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Outrageous Pie Roundup

Outrageous Pie Roundup

Since we’re all about entertaining, let’s talk about the pies you can gift rather than the ones you can make!

Jane Bruce

You need to remember these pies aren't in front of you, so stop trying to dig in and buy them!

As you know, we’re coming up on the biggest pie holiday of the year — Thanksgiving. And while we’ve shown you the ropes in the Ultimate Guide to Pie and have talked to pie experts, we were thinking, what if you just want to gift a pie?

If you don’t have the time to put an apron on and get flour in your hair, it’s all right to give the gift of a baker’s pie, so here's a look at some fantastic pies around town.

From New York to Los Angeles and a few stops in between, we have everything from s’mores pie to full-blown turkey stuffed pie. These days, pies aren’t just limited to your go-to flavors like apple, cherry, and pecan.

Oh no, no, no — there is more on the horizon for what’s inside that flaky crust.


Holiday Pie Round-Up

It wouldn’t be the holidays without lots of dessert, and you just can’t beat a homemade pie. Thanksgiving is even more special when you cap it off with a piece of creamy pumpkin pie with whipped cream on top. Nothing warms you up during those fall and winter months quite like a fresh-baked piece of apple pie with melting ice cream. And let’s not forget decadent pecan pie and yummy sweet potato pie!

No matter what your sweet tooth is begging for, Paula has just the pie recipe for the occasion. Try a twist on the classic, like an Apple Butter Pumpkin Pie or an Apple Crunch Pie With Red Wine Caramel. Or try something a little different, like an Eggnog Custard Pie, Peppermint Pie or Paula’s famous Grits Pie. Any of the pies in our round-up are sure to impress your friends and family.

Don’t forget these pie dough tips when it’s baking time:

  • Keep all of your ingredients cold. Don’t overwork the dough and chill at least 30 minutes before rolling out (an hour is better!).
  • You can make your crust a day ahead of time. Just let it rest on the counter for a few minutes before rolling out.
  • You can make your crust a month ahead of time! Wrap in plastic wrap and then aluminum foil or place in a freezer bag and freeze. Let thaw in the fridge for 24 hours before using.
  • Get creative! Use a fork to crimp the edges, use a cookie-cutter to cut out dough and lay the shapes for a decorative edge, or crimp your crust for a classic scalloped look (pictured above).

Get more tips from these Quick Cooking Classes episodes:


Pi Day Healthy Recipe Roundup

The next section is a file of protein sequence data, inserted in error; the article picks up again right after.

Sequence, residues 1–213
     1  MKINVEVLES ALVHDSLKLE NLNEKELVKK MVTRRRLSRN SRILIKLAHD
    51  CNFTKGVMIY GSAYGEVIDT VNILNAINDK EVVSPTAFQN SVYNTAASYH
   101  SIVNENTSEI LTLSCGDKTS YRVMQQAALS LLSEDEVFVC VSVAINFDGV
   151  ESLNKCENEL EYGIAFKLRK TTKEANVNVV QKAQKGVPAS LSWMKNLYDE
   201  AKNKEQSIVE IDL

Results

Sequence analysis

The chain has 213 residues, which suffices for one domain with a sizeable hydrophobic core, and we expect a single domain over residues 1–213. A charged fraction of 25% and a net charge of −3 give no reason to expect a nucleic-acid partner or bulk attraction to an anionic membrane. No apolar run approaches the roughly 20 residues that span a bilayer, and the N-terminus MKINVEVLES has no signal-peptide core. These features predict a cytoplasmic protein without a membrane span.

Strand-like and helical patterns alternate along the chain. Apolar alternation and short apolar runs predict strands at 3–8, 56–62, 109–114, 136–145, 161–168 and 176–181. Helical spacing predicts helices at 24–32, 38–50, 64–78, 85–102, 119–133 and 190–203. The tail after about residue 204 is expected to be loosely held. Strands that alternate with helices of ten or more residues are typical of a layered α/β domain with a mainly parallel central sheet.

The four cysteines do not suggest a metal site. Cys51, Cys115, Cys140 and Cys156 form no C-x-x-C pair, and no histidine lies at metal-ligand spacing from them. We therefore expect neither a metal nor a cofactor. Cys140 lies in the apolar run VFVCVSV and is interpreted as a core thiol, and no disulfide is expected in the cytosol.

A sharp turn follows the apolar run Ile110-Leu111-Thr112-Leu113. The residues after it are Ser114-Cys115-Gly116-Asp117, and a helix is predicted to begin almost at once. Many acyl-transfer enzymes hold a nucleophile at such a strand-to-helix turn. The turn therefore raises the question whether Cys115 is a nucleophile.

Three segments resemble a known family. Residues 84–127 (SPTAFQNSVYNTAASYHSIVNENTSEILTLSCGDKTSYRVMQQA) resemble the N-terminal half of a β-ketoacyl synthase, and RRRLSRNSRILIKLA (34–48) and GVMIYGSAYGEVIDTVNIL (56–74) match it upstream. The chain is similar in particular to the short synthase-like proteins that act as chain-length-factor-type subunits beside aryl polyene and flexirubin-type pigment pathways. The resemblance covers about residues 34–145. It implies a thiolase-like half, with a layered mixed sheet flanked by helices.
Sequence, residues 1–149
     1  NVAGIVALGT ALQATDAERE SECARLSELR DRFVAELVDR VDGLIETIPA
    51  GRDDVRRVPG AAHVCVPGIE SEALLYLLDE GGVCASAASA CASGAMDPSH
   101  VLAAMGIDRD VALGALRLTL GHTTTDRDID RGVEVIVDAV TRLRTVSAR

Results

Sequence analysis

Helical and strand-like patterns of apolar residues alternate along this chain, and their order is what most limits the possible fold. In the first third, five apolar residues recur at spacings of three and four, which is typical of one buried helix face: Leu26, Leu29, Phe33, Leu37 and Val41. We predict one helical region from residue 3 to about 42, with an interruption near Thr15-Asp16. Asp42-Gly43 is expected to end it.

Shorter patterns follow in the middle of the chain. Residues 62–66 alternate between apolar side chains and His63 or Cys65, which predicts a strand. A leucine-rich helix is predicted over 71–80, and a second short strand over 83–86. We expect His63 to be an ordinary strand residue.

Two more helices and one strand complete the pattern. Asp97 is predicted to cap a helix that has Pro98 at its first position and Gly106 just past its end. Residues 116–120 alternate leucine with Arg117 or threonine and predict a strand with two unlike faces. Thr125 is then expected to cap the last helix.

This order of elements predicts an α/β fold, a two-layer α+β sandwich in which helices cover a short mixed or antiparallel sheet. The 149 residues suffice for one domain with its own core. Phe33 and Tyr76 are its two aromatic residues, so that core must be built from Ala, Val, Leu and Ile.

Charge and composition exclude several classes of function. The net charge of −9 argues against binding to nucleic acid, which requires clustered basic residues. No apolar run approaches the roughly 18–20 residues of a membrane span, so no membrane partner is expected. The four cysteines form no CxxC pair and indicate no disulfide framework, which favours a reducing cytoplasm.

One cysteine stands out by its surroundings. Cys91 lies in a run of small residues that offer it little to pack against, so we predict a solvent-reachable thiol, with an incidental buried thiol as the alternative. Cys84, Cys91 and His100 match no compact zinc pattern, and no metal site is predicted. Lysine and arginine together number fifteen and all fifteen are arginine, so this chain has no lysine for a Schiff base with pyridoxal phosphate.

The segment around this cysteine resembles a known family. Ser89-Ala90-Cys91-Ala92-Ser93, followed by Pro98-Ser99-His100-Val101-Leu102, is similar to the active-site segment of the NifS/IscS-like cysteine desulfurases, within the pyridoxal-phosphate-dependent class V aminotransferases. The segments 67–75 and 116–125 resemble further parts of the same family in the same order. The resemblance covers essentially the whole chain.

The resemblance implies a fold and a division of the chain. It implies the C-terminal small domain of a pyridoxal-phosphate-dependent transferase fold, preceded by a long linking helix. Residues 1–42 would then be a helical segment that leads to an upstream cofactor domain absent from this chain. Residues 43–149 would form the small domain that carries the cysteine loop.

Pi Day Healthy Recipe Roundup

Living in a house with other “science nerds” makes Pi Day an annual event. In case you are unaware, March 14 th or 3.14 is Pi Day. In school, my kids have celebrated by having parties with round foods like pizza, bagels, or actual pies. To celebrate, I asked my fellow registered dietitians to share their favorite circular recipes in my π Pi Day Healthy Recipe Roundup.

There is quite a delicious and varied assortment of tasty dishes here! Some vegan or vegetarian, some gluten free. While many are not particularly low in sugar, fat or calories, they are definitely “healthier” than traditional versions of pie or pizza with the inclusion of nutrient rich ingredients. Do you enjoy pie on Pi Day?

Creamy Chipotle Sirloin Breakfast Pizza via Shaw’s Simple Swaps

Beefy BBQ Baked Bean Pizza via Shaw’s Simple Swaps

Mini Spaghetti Pizza Pies via Teaspoon of Spice

Egg and Swiss Chard Italian Easter Pie via Teaspoon of Spice

No Bake Blueberry Custard Pie (vegan + gluten-free) via fANNEtastic food

Healthier Chicago Style Pizza via Craving Something Healthy

Brussels Sprout and Walnut Pizza with Whole Wheat Flax Crust via The Foodie Dietitian Blog

Easy Asparagus Omelet Pie via Meal Makeover Moms

Quick and Easy Goat Cheese Pizza with Spinach, Mushrooms, and Onions via The Spicy RD

Bo-date-ious Banoffee Pie via Kiss in the Kitchen

Cardamom Apple Galette via Street Smart Nutrition

Grain Free Spaghetti Pie via The Real Food Dietitians

Healthy Spring Greens Pizza via Lively Table

Green & Goat Cheese Pie with Potato Crust via The Every Kitchen

Stone Fruit Clafoutis via The Every Kitchen

Quinoa Chocolate Chip Apple Crumble via Bucket List Tummy

Savory Chickpea Flour Pancake via Jessica Cording

Berry & Cashew Cream Breakfast “Pizza” via Triad to Wellness

Apple Cranberry Mini Pies via Bite of Health Nutrition

Farinata with Tomato, Mozzarella, and Pesto Drizzle via Jessica Levinson

Artichoke and Spinach Pesto Pita Pizza via One Hungry Bunny

Apple Cinnamon Crostada via Dana White Nutrition

Tomato and White Bean Naan Pizza via Amy Gorin Nutrition

Oatmeal Breakfast Pie via Nutrition Starring YOU

Berry Fruit Tart with Grape Balsamic Drizzle via Nutrition Starring YOU

Fig and Ricotta Almond Pizza via Nutrition Starring YOU

Honorable Mentions for not being round but having a name with PIE in the title .

Deep Blueberry Hand Pies via Mom’s Kitchen Handbook

Vegan and Gluten-Free Shepherd’s Pie via fANNEtastic food

If you have any interesting ideas to celebrate Pi Day, or any recipes you would like to share, please comment below!!

Comments

What a delicious roundup! Thanks for including my farinata – a non-traditional type of pizza pie!